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I am having a hard time finding fourth and fifth declension nouns for teaching, because the common examples represent abstract concepts (like spēs). The common example domus is irregular. What are some regular fourth and fifth declension words for things you can point to (like animals or common articles of clothing), or things you can sit on or under (to practice oblative)?

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Manus "hand" is of the fourth declension, though it is feminine.

Specus "cave" is normally masculine.

Lacus "lake".

Fructus can be a fruit, one that you pick from a tree.

There are some words of the neuter 4th declension (which has a different paradigm from that of the masculine words) which are concrete:

Cornu "horn".

Genu "knee".

There are probably many words of the fifth declension:

Res "thing" can be an object.

Acies can be a sharp edge or "point".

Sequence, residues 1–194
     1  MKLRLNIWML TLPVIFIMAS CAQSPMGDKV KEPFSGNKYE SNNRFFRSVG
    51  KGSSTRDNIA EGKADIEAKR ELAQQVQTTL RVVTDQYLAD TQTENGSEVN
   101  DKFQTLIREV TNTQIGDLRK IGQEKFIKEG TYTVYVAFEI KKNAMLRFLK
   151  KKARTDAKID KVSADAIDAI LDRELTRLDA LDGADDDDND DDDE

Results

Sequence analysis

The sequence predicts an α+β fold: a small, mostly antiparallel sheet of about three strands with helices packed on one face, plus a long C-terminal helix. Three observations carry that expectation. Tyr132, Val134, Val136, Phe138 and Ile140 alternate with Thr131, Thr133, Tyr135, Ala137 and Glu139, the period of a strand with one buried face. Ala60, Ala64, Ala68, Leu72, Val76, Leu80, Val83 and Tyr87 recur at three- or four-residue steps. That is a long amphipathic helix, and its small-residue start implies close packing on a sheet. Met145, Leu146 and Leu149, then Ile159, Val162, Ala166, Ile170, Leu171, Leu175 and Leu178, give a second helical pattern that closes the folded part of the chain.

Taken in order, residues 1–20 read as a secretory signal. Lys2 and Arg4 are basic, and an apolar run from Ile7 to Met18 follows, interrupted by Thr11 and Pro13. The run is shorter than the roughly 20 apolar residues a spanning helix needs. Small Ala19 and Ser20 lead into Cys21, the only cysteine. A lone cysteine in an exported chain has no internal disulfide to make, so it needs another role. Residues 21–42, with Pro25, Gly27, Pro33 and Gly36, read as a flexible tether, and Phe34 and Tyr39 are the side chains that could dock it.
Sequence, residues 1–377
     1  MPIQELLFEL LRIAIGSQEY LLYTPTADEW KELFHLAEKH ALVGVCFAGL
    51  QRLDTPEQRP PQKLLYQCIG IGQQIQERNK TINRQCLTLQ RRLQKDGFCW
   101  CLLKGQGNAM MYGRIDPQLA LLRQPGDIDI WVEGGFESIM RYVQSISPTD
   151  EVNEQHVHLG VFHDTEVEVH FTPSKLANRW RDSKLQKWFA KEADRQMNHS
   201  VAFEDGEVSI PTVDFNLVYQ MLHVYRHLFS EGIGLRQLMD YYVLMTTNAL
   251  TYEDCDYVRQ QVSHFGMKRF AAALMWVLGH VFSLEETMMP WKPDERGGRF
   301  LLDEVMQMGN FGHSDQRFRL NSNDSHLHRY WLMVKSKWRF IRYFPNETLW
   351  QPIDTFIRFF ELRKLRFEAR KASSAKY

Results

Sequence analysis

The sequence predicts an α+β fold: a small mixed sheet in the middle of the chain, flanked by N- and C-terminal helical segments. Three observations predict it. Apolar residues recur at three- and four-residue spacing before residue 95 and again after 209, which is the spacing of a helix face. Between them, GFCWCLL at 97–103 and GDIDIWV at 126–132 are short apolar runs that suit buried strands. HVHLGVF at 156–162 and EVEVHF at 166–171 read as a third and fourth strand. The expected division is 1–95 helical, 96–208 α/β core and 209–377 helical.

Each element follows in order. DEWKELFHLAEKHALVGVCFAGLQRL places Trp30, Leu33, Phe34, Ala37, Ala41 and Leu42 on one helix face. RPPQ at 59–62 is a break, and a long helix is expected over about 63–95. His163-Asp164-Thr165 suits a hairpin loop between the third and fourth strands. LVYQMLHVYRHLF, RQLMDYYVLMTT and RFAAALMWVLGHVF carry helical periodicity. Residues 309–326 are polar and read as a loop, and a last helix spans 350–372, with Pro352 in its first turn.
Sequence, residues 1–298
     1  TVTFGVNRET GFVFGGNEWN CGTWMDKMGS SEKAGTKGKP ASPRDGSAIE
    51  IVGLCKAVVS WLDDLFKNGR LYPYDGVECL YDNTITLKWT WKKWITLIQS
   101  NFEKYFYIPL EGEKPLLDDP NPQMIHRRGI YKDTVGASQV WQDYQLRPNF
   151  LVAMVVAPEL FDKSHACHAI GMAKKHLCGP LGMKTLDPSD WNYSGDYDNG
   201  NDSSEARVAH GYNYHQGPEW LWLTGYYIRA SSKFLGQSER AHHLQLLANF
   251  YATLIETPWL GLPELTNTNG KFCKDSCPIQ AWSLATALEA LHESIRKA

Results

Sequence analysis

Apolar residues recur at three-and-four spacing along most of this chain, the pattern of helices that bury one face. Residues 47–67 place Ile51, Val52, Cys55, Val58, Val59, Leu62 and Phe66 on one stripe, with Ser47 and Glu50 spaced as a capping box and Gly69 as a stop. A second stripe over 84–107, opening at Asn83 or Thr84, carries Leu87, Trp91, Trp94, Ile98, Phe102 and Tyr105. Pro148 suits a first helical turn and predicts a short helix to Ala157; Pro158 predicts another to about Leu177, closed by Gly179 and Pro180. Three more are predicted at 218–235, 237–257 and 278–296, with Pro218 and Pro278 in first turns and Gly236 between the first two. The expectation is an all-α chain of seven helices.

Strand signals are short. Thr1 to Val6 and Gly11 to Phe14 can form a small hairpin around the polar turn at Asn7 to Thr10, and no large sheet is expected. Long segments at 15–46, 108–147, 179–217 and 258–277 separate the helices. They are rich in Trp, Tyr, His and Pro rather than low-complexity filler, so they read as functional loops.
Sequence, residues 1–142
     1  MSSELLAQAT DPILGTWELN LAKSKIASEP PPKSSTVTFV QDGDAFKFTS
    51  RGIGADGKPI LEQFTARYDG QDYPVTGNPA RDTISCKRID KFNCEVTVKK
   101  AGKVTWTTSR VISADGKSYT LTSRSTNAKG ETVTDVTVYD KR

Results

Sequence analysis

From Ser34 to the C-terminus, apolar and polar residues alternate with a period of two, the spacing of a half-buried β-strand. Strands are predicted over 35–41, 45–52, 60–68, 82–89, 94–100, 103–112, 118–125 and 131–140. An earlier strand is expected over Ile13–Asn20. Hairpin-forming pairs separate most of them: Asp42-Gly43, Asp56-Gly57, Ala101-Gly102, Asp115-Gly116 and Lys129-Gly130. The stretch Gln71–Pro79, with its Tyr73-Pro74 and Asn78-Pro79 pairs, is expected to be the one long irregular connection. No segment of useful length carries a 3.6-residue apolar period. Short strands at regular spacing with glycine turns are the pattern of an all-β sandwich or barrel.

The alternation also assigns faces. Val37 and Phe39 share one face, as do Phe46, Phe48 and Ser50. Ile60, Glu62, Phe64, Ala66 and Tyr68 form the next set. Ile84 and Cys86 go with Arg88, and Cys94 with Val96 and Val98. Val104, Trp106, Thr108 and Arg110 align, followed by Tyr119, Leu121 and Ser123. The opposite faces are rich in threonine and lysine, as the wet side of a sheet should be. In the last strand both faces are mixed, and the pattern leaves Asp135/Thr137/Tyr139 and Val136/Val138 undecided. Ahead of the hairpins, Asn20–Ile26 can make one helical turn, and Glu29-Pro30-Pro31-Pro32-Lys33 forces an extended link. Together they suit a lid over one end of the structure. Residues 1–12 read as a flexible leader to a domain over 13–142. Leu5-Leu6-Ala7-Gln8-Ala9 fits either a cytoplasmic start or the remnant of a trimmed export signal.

Alluvies a "pool of flooding water".

Caesaries "(head of) hair".

Canities can be used in a more concrete sense "gray hair".

Congeries "pile, heap".

Facies "face".

Glacies "ice".

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    Senatus and exercitus also seems like useful words for the Latin classroom; anus, while wholesome and innocuous, is perhaps not recommended; nor, while fun to demonstrate, ructus. Commented Feb 16, 2022 at 19:42
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    @SebastianKoppehel We definitely learned about anus in high school Latin, in particular with regards to Queen Elizabeth II's annus horribilis and some tabloid rag's misspelling of it as anus horribilis.
    – cmw
    Commented Feb 16, 2022 at 20:35
  • @cmw now that's not nice! 😕 Commented Feb 16, 2022 at 22:31
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    @Tristan Especially because anus and ānus are different. It's a nice three-way minimal pair for vowel and consonant length.
    – Draconis
    Commented Feb 17, 2022 at 19:48
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    @KefSchecter: That is of the third declension, isn't it? It might be instructional to also compare a list of words from the third declension on -es.
    – Cerberus
    Commented Feb 18, 2022 at 13:14

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